Tuesday 03 July 2012 – Postscript
As the last wisps of winners ticker-tape are swept away from the seats and stands of the Olympic Stadium in Kiev, it’s time to reflect on the events of the Euro 2012 Championships.
In terms of the standard of the competition on the pitch, I can’t think of a World Cup or Euro tournament that I’ve seen that has bettered what has taken place in Poland and Ukraine over the last month. It has been competitive throughout, so for me it makes no sense that when Euro 2016 takes place in France, that 24 teams will take part. UEFA has 53 ranking teams, and virtually half of them will qualify for the tournament, to me this is a diluting of the quality that is entirely unnecessary.
Off the pitch and in the stands, there were a number of issues. Agreed it wasn’t the armageddon of hooliganism and racism that some were predicting, but the running battle between Polish and Russian fans was disturbing as were the scenes of Russian fans attacking stewards after the game against the Czech Republic. Indeed Russia and Croatia suffered a number of financial penalties for racist chanting and the displaying of inappropriate banners at a number of games. Spain, Germany and England also fell foul of UEFA regulations, whilst the Italian press gave mixed messages about how they view Mario Balotelli. UEFA are to be applauded for taking swift action against racism, but I question what message they are sending out when the fine to Nicklas Bendtner for sporting a betting logo on his pants is greater than that handed out to an association for a racist incident? It was also noticeable, that despite record attendances, there were empty seats in the knock-out phase, including the Final. Was this a pricing issue, not only in respect to the tickets, but the accommodation and travel arrangements in Poland and Ukraine?
From a personal perspective there were a number of irritations during the competition. Firstly, the “10…9…8…7…” countdown to kick-off was just awful. Who thought this was a good idea? Why was it introduced? Secondly, the number of occasions that there were two balls on the pitch. Instead of the desired effect of keeping the game going, there were countless times when the game had to be stopped to get rid of the second ball. Thirdly, the number of times players that went down clutching their head, when there had been no or little contact with that part of the body. Would it be unfair to suggest that players have caught onto the fact that referees’ will stop the game and have the ball kicked out when their opponents are on the attack, because it is a possible head injury?
My ‘likes’ from the competition included Roy Hodgson getting ALL the England players to sing the National Anthem prior to each game. It is a small thing, but for me it helps creates a unity within the team. I also was pleased to see that when there when replays of incidents took place on television, the Euro 2012 logo was used, unlike at the 2010 World Cup, when ‘FIFA’ was Big Brother style flashed up. Credit also to the television providers for the montages played during the game in slow-mo, of players, managers and fans reactions – they were a nice little touch during breaks in play.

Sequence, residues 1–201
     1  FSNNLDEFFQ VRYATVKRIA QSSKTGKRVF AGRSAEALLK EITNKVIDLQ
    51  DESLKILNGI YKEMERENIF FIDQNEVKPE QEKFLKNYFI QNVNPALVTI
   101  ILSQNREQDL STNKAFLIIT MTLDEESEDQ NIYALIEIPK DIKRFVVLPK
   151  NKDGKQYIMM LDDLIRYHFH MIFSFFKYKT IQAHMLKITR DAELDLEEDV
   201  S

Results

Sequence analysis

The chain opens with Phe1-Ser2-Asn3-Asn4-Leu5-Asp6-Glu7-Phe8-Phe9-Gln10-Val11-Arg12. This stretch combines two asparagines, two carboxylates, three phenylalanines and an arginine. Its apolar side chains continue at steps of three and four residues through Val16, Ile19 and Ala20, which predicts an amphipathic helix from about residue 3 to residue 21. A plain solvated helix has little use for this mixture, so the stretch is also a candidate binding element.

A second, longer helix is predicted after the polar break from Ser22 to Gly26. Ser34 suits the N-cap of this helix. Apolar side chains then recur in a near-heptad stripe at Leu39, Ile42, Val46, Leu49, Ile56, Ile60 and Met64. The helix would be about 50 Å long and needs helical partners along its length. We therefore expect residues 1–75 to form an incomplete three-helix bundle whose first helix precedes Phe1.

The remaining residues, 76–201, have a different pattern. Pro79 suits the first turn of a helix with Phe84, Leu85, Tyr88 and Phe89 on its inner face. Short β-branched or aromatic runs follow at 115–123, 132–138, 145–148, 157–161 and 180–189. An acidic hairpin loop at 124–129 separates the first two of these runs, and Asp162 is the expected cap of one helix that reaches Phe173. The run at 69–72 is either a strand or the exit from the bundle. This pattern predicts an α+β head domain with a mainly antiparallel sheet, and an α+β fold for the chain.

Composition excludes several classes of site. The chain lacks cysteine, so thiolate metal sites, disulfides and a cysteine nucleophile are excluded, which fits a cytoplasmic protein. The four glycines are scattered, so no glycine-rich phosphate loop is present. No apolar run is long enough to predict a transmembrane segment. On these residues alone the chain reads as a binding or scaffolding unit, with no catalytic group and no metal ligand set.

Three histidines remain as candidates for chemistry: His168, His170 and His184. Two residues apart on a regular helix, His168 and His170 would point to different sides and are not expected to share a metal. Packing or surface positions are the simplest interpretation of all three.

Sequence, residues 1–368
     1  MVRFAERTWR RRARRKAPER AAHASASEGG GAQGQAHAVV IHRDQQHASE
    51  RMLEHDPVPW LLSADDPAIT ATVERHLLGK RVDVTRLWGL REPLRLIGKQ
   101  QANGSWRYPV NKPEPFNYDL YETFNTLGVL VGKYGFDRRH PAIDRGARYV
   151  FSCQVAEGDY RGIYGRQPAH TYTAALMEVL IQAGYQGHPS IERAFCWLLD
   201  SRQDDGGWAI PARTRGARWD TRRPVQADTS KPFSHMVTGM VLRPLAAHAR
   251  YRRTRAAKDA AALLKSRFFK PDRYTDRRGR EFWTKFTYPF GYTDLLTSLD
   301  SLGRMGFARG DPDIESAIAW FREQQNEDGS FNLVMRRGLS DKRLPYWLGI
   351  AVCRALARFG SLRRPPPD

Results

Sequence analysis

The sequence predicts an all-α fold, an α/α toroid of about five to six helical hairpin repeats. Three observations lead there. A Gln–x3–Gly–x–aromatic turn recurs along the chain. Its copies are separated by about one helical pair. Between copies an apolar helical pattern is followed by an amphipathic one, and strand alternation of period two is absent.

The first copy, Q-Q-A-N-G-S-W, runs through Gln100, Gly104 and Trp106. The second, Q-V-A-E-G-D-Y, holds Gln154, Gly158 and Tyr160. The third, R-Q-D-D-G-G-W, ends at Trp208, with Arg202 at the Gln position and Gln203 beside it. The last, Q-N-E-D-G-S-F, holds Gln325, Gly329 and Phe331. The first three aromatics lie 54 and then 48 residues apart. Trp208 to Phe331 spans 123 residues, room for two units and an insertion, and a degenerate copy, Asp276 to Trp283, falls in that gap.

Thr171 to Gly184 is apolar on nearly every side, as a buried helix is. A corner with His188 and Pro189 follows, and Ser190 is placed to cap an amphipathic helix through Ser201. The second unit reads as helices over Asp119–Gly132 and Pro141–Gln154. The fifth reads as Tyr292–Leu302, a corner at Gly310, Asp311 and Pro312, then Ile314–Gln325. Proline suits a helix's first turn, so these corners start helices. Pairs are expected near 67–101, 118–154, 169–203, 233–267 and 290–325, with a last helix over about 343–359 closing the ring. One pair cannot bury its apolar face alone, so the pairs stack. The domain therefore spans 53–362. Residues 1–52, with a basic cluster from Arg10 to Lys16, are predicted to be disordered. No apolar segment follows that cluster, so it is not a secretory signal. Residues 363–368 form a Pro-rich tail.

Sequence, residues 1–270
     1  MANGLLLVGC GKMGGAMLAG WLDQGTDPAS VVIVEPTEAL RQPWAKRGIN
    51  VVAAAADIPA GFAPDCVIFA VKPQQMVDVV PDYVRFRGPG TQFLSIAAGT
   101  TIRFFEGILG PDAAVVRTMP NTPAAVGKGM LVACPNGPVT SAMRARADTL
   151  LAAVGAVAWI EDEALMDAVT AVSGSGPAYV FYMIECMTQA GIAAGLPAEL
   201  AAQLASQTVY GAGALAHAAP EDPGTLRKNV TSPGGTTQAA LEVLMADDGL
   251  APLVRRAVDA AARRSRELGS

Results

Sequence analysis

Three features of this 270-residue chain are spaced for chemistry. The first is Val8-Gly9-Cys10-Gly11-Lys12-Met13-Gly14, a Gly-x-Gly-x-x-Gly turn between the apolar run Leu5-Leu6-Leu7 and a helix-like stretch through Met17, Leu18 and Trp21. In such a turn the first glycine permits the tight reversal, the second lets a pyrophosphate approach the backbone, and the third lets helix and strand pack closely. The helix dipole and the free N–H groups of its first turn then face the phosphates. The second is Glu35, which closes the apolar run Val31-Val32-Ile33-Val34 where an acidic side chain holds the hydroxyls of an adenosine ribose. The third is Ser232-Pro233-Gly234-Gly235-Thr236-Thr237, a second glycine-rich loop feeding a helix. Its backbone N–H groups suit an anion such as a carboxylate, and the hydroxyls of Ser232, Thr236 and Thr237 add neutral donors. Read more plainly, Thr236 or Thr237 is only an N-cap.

Still on the television coverage; much appreciation to ITV for their wonderful opening credits featuring various figures in puppet-form and the wonderfully atmospheric “Peter and the Wolf” musical accompaniment. Although worryingly, the Roy Hodgson figure did cut a striking resemble to Parker from Thunderbirds! My favourite commentator/pundit was Mick McCarthy for his blunt Barnsley analysis and his less than impartial input during the Italy v Republic of Ireland game. Mention also for Mark Lawrenson who was at his ‘Victor Meldrew’ best during the Spain v Italy Final.
Memorable images from the tournament include the range of images as a result of the incredible storm that caused the France v Ukraine game to be suspended for nearly an hour and Theo Walcott’s look of bewilderment at his goal against Sweden. Indeed the France v Ukraine game also produced the strangest commentary moment, when on ITV Craig Burley informed the audience that the stoppage for the storm had been a blessing since it allowed him time to munch his way through a packet of “…chocolate hob-nobs, well at least the Ukrainian equivalent…”
Other things that made me chuckle included the bizarre range of mohicans that appeared during the competition, with particular mentions for, Ashley Cole, Raul Meireles and Mario Balotteli. It was also apparent during Euro 2012 that no self-respecting player takes to the pitch without the obligatory forearm covered in tattoo’s.
So that’s it. Spain European Champions 2012. Once September comes around the focus switches to Qualification for the 2014 World Cup in Brazil. Let’s hope it can match Euro 2012. Adios!